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FIDM’s Debut Fashion Show Features Gender-Fluid Design

Los Angeles fashion design graduates channeled their personal experiences and cultural movements to create their debut collections.

The Fashion Institute of Design and Merchandising (FIDM), located in Downtown, L.A., staged the Debut Runway Show for eight graduates of the Advanced Study Fashion Design program on Aug. 18. Students spent nine months developing their collections for the show, which was produced and shot for streaming at the Cooper Design Space. Eight graduates created their capsules by collaborating with instructors, investigating fabrications and analyzing the market.

“My collection is women’s wear with a little bit of streetwear,” 2022 graduate Sasha Swedlund said. Inspired by Black hair and hairstyles, Swedlund pointed to “Bantu knots… crocheted weaves, braid-ins, different hair cells that have a lot of volume” as the basis for her apparel silhouettes. She used technical athletic and utilitarian fabrics to create the line featuring dresses and outerwear.

A look by Sasha Swedlund.
Sasha Swedlund. ABImages

Joel Elliott’s line promotes the ethos that “clothing should not be gendered.”

“One of the things that led me to fashion was realizing that I didn’t feel served by the kind of gender masculine clothing that I saw in stores, so my collection is gender agnostic,” the designer said. “It is a number of pieces that can be worn by any person no matter what body type, gender expression or anything… I want to give people the freedom to kind of play around with what they expect out of their clothing.”

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Calling his range a “wacky, colorful pattern show,” Ethan Martin wanted to recreate the experience of a “drag show on a runway.” Meanwhile, Susan Lizotte’s ethereal women’s designs were made from semi-translucent fabrics. The “organza is hand painted, because it’s a way that I like to relieve stress,” she said. Cole Moscaret’s collection of structured menswear drew inspiration from World War II uniforms, while Yubin Min used drawing, hand-stitching, appliques and fabric manipulation to evoke a floral aesthetic.

An ensemble by Ethan Martin.
Ethan Martin. ABImages

“As an Cameroonian-African-American guy, I went through a lot to be here,” Thierry Kepgang Nana said of his autobiographical collection. “This collection is personal to me—it’s about my life, and even the future.” Organza represents fragility, while luxury brocade showcases strength, he said.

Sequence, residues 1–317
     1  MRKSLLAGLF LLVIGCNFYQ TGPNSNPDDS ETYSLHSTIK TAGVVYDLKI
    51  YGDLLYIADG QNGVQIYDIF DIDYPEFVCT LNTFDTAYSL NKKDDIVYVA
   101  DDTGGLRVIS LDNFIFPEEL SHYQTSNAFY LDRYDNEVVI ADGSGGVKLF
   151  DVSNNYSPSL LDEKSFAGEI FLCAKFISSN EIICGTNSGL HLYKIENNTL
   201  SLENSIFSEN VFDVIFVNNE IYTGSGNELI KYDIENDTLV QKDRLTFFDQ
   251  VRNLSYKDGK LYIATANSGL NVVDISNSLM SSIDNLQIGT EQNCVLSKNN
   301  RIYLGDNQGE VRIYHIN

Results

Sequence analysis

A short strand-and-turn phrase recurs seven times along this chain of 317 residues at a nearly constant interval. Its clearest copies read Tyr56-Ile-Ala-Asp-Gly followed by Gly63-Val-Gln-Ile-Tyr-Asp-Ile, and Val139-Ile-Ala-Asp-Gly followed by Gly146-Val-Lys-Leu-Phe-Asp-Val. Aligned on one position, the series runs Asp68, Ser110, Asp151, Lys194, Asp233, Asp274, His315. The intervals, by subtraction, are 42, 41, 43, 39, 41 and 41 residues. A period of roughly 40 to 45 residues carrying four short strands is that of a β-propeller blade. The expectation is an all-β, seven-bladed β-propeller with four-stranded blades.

“I created my collection just to show that even broken things, when you sew them together, can make something beautiful,” Esther Goar said of the geometric patchwork effect in her men’s and women’s designs.

Fashion Assembly opens its doors

Downtown L.A. is home to a new resource for minority-owned fashion brands, and the city’s recent design school graduates could be among those served by the dedicated space.

Fashion Assembly has launched an office and warehouse solution for nascent labels and emerging BIPOC designers offering a multi-purpose co-working space in the Arts District. The 16,000-square-foot location provides room for community engagement, office and design work, as well as the logistics infrastructure needed for creators looking to grow their businesses.

The facility addresses the growing demand for fashion and beauty products developed by minority designers and entrepreneurs, Fashion Assembly said. These small businesses can sign short-term agreements to rent spaces ranging from 100 to 2,500 square feet.

Founders Brian Pearson, a franchise development broker, and Anje Collins, a former celebrity entertainment publicist, developed the concept while experiencing their own challenges launching a lifestyle brand, Coco Blue Shoes, during the pandemic. “Our goal is to help our members grow their businesses and reach their ideal customers all over the world by providing them with the operational resources and knowledge they need,” Pearson said.

Fashion Assembly’s warehousing, production and office spaces are housed in the same building, and members of the team can help entrepreneurs to grow their businesses within this flexible infrastructure. “There is strength in numbers,” Pearson said. “As a result, Fashion Assembly gives our members the space and support they require to compete with the big boys.” This includes help creating processes for order management, fulfillment, marketing, and public relations.

Mindful of the shifting priorities and financial strains that can come with launching a small business, Collins said the facility offers flexible, month-to-month membership plans. The facility includes high-speed internet, reception services for guests, shared common spaces for networking, co-working and community events, conference rooms, showrooms and a photography studio. Grade-level doors allow for easy warehouse access, and members can utilize on-site equipment as well as shipping and receiving capabilities.

Pearson and Collins want the facility to help underrepresented demographics in the beauty and fashion spaces. “There are many challenges when launching a brand created by a person of color,” Collins said. “We started in our living room, storage unit, and two industrial locations and outgrew them all, so I understand how difficult and expensive it can be to run an e-commerce business.”